12:15 pm: Lunch was consumed. Because it was time. And learning continued. Dr. Anthony Cheeseboro (SIUE) “brought it home” by making a pertinent connection between the “leisure and social” industries of the East St. Louis region and the enforced ghettoization of the region. Even so-called “sin sites” were under the control of those who shaped the destiny of all the inhabitants of the region. The indefatigable Jasmin Aber, the power behind the Creative Exchange Lab and Catalina Freixas, from Washington University brought us to see the importance of “mapping memory,” with the project that is already helping teach the socially-adept media practitioners how to find the sites where the blood was spilled in 1917. Dr. Mark Abbott, from Harris Stowe University, brought his keen interpretive eye to the portion of the city called, “Emerson Park,” and made a strong case for studying this section of the city as a template for much else that did and did not happen in the growth or stagnation of East St. Louis. The entire room was blessed by the spoken-word witnessing of Cindy Reed, part of Dr. Scott’s extended band of movers and shakers, nurtured by her work at St. Louis U.
1:30 pm: Sandra Pfeiffer set the rhythm for our eyes and ears with excerpts from her deeply respected documentary, “Against All the Odds.” Jesse Vogler, from Washington University presented excerpts from the video project he and Treasure Shields Redmond have facilitated with members of the Charter School. On the sites of the horrors, these young people recite the testimony of the survivors, and then claim the power of survival, by each announcing that they, too, have survived. This delicate video testimony will be one of several ways the land will presented for moving into the past. The special grant obtained by Dr. Theising for the placement of markers and instructional signage (designed by Mr. Lorenzo Savage, Sr.) and the interactive mapping of these sites, as produced by Creative Exchange Lab (and which is already functional) will be in harmony with these filmed testimonials. Intending to set all the hearts on fire, sections of the documentary, “Never Been a Time,” produced and constructed by Prof. Denise Ward-Brown (also of Washington U.) made everyone in the room “woke and aware...” Her promise to have the full work finished before the end of July was gratefully received.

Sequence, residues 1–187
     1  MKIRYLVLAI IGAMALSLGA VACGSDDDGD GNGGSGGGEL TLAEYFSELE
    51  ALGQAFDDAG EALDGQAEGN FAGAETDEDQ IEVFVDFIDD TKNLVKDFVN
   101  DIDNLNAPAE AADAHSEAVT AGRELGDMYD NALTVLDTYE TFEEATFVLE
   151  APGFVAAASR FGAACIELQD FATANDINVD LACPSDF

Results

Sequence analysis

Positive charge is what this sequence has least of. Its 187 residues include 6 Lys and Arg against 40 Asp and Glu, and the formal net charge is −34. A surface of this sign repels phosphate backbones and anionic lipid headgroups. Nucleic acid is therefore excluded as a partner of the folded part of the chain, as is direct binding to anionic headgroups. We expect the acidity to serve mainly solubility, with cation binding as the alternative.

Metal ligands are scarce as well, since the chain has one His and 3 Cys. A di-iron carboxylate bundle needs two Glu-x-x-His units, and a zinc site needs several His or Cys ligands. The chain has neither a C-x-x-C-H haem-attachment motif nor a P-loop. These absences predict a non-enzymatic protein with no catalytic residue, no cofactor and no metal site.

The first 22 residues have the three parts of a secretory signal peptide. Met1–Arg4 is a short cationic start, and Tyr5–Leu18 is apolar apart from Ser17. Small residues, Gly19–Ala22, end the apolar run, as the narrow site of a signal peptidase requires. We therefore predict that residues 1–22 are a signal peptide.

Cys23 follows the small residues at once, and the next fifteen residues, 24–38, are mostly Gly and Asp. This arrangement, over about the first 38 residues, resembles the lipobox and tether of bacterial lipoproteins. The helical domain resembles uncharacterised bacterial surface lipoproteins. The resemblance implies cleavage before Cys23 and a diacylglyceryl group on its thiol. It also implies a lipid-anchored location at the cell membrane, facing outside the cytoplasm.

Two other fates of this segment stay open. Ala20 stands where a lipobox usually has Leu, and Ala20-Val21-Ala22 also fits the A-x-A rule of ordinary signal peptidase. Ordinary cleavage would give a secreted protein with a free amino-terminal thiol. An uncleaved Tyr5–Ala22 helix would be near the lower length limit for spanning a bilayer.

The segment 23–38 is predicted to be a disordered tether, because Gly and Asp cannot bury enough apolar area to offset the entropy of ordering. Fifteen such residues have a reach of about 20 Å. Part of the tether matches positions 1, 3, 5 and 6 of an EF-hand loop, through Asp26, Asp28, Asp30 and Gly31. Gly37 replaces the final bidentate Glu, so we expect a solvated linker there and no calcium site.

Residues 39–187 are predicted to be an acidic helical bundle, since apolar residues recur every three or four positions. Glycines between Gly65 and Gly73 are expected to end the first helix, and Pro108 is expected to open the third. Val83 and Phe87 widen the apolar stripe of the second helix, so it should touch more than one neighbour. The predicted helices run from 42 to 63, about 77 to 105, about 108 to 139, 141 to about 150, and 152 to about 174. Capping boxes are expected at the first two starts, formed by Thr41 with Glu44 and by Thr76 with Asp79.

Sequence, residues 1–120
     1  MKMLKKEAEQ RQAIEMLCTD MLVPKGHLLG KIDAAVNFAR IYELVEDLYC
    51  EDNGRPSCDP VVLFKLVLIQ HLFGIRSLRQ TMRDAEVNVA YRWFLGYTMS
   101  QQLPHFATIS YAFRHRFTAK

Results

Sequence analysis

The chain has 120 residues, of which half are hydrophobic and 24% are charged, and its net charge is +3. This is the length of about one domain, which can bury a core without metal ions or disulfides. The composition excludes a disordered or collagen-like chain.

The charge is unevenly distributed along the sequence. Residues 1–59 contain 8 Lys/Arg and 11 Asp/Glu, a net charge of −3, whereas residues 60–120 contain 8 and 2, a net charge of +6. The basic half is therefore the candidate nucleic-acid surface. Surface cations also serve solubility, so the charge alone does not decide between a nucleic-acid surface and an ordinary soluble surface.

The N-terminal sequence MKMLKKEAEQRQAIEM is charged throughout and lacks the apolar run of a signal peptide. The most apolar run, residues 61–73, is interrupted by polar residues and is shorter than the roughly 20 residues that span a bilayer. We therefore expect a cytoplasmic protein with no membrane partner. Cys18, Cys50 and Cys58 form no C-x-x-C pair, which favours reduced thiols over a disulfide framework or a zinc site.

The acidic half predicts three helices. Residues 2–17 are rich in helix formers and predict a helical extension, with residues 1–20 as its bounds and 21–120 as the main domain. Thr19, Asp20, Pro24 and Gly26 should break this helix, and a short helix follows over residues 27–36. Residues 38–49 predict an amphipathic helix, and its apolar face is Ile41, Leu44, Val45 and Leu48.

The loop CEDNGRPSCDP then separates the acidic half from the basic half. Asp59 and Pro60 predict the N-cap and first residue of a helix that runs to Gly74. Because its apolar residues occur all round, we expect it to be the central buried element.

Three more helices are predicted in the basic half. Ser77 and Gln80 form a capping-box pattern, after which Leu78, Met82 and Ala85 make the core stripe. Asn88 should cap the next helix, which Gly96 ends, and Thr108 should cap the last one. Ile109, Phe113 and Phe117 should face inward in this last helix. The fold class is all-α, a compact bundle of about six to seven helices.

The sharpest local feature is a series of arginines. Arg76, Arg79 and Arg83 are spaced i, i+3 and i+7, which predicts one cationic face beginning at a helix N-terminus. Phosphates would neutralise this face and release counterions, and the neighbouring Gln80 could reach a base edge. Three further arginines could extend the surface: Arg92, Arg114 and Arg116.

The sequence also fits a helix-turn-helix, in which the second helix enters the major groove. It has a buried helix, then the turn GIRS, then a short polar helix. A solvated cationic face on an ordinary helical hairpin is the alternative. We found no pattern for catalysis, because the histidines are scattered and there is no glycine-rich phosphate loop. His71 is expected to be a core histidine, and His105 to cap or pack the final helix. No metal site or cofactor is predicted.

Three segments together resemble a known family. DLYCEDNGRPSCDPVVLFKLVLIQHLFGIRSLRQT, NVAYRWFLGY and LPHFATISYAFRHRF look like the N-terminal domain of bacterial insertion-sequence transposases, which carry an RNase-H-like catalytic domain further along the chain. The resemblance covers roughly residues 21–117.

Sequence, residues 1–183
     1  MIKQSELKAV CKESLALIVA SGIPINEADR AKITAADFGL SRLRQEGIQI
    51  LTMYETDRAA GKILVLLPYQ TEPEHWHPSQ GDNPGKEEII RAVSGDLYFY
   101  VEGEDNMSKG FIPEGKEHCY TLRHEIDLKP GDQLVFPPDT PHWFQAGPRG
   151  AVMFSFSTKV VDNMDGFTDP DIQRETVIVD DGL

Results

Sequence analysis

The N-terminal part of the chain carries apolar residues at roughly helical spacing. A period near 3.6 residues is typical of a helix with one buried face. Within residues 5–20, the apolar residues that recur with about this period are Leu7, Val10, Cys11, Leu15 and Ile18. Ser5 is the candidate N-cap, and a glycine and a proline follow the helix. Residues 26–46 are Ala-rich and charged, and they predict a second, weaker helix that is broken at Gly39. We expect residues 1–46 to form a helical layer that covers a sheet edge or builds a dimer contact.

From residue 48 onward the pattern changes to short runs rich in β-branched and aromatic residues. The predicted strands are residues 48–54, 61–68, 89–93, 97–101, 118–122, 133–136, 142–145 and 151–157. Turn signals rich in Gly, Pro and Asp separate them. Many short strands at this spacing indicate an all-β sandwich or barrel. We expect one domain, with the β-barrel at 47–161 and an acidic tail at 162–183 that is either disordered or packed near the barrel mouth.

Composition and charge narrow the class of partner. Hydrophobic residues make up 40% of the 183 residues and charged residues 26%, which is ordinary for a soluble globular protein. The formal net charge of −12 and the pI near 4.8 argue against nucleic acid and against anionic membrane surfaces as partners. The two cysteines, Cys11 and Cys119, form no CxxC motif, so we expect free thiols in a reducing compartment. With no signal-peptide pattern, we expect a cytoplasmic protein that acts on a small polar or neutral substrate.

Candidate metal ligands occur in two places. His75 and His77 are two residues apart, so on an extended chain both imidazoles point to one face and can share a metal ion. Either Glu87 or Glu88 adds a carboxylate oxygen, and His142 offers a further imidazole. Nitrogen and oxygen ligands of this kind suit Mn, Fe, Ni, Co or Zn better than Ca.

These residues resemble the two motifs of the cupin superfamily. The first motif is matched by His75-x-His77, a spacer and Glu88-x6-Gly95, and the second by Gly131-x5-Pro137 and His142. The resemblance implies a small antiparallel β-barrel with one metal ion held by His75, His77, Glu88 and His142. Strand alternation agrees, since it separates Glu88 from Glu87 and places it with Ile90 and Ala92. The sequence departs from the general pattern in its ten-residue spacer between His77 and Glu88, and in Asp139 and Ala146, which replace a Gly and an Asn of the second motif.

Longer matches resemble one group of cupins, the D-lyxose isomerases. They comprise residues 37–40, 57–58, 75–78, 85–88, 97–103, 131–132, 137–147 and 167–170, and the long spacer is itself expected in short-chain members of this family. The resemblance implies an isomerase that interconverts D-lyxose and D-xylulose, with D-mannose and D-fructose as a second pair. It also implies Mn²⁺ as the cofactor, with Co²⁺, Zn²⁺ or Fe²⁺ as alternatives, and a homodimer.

3:10pm: Nothing but gratitude could be showered on the cast who performed a condensed Readers’ Theater presentation of “Tinderbox,” written, directed (and acted) by Gregory Carr, of Harris Stowe U. In no small measure this talented cast, “brought it on home,” by giving us a story of the people who spirits still haunt the sites of the pogrom – most importantly at the time of their presentation, presenting this “true truth” on the very land where the bloodiest tragedies took place. Mr. Carr continues to work on the script, in a manner that is truly collaborative, by seeking new details of data from scholars and descendants; and by continuing to listen to the cloud of witnesses who hover over us all.
SATURDAY, MAY 27, 2017, EVENING